The nation will add $18 trillion in household wealth by 2017, taking its total to $38 trillion, according to the bank’s global wealth report today. That would surpass Japan’s $35 trillion, and be less than half of the U.S.’s $89 trillion.
China, which is embroiled in a territorial dispute with Japan over islands in the East China Sea, surpassed its Asian rival to become the world’s second-largest economy in the second quarter of 2010. It had annual gross domestic product of $7.3 trillion at the end of last year, compared with Japan’s $5.9 trillion.
“If we look at the very top end of the wealth pyramid, in terms of billionaires and ultra-high net worth individuals, China is expected to have a higher number of these high wealth holders than Japan,” said Fan Cheuk Wan, head of Asia-Pacific research for Credit Suisse’s private bank. “This is mainly related to continual capital-market reforms and privatization of the economy.”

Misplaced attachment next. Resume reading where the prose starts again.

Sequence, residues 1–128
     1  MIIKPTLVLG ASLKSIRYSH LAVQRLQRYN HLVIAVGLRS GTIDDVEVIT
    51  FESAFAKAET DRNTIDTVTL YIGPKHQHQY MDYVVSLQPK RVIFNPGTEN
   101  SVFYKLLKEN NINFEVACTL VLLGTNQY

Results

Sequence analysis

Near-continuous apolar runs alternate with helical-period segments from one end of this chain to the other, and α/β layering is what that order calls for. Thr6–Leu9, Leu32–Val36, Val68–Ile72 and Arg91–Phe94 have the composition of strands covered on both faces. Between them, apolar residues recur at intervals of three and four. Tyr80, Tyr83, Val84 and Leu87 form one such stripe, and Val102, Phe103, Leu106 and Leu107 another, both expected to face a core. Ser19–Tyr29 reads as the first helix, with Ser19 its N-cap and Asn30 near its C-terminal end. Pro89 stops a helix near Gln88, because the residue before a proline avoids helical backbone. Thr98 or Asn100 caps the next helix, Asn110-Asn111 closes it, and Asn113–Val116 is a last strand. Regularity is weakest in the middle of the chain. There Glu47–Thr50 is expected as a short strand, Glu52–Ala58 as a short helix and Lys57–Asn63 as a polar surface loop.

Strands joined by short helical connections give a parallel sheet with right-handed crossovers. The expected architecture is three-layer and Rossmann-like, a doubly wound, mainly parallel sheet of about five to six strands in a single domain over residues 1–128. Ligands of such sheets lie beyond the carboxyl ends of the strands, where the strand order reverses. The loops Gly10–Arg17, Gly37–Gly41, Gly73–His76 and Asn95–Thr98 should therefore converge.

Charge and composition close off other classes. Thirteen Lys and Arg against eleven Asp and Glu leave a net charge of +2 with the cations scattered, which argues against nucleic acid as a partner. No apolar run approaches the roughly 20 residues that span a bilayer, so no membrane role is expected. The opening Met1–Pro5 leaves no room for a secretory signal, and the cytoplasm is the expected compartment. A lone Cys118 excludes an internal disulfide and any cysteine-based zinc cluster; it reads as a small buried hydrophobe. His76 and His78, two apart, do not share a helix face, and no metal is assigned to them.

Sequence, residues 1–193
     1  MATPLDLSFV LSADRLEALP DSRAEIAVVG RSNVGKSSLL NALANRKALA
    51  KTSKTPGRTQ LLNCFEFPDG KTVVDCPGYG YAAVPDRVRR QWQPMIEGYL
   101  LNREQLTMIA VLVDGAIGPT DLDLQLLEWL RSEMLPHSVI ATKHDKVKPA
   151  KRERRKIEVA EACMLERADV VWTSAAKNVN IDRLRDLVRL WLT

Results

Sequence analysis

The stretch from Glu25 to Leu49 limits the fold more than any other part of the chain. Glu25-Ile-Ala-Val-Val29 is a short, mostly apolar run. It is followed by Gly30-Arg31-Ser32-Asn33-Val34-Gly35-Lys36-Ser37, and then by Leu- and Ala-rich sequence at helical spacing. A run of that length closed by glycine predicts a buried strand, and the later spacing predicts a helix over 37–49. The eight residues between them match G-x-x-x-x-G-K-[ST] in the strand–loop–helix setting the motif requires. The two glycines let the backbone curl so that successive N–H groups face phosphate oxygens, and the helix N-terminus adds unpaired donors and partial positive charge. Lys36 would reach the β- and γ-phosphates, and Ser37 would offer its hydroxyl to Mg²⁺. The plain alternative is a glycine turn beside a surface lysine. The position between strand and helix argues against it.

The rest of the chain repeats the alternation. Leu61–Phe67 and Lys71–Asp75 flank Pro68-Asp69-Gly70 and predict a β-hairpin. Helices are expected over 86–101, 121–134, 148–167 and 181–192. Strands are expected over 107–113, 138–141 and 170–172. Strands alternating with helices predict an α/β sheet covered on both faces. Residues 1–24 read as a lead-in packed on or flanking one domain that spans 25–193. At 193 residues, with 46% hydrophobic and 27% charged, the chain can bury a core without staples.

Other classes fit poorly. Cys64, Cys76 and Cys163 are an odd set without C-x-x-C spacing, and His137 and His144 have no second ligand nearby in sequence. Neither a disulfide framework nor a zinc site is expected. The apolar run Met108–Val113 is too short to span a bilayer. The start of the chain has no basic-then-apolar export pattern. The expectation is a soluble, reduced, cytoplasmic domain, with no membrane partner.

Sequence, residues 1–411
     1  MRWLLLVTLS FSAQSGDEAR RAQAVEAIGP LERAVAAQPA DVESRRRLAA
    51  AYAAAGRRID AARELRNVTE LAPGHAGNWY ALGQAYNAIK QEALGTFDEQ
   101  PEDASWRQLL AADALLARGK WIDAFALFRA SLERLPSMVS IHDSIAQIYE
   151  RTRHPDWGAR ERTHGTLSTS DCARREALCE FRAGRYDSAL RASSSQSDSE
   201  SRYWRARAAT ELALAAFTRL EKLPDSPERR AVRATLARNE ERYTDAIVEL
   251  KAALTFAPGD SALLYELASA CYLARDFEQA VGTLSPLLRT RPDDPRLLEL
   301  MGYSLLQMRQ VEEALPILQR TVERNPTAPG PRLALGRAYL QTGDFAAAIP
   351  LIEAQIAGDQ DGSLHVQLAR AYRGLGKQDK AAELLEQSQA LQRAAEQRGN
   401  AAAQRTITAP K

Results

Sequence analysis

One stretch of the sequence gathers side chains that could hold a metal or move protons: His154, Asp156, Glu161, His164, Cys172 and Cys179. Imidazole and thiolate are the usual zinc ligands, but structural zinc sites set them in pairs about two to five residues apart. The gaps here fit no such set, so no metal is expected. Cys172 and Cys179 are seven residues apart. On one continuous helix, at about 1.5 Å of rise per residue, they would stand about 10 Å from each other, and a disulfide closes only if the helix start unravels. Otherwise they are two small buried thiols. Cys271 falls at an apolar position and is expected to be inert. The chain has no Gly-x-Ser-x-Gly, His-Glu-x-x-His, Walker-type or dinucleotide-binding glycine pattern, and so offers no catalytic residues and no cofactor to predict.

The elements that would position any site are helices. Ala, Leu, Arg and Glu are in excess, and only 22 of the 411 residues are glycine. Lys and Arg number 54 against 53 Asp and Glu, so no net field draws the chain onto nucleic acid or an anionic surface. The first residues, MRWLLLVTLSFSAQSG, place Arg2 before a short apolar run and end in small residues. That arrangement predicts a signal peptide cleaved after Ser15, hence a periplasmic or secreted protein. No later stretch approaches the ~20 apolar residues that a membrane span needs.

Japan and China are each claiming the islands, called Senkaku in Japanese and Diaoyu in Chinese, since Japan moved to buy the islands from their private owner last month. The territorial dispute has clouded a trade relationship between Asia’s two largest economies that has tripled in the past decade to more than $340 billion.
Household wealth in the Asia-Pacific region will rise 55 percent to $115 trillion by 2017, Credit Suisse forecast, accounting for 35 percent of global wealth.
From mid-2011 to mid-2012, global wealth declined 5.2 percent to $223 trillion, mainly due to the euro-area’s debt crisis, said Fan. That’s the fastest decline since 2008, when it shrank 14.6 percent, she said.
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